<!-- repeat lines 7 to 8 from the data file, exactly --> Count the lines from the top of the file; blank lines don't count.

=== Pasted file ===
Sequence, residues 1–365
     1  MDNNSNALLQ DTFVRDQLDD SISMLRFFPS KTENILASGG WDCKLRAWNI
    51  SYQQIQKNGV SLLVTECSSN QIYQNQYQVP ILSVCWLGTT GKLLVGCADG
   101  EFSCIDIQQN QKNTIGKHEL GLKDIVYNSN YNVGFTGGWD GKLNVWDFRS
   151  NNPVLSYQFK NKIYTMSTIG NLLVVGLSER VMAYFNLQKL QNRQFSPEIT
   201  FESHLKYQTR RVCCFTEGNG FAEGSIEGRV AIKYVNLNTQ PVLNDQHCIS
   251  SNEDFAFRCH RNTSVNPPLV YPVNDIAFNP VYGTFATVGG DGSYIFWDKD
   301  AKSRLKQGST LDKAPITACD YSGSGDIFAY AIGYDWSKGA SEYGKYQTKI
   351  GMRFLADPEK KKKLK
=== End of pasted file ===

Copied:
   251  SNEDFAFRCH RNTSVNPPLV YPVNDIAFNP VYGTFATVGG DGSYIFWDKD
   301  AKSRLKQGST LDKAPITACD YSGSGDIFAY AIGYDWSKGA SEYGKYQTKI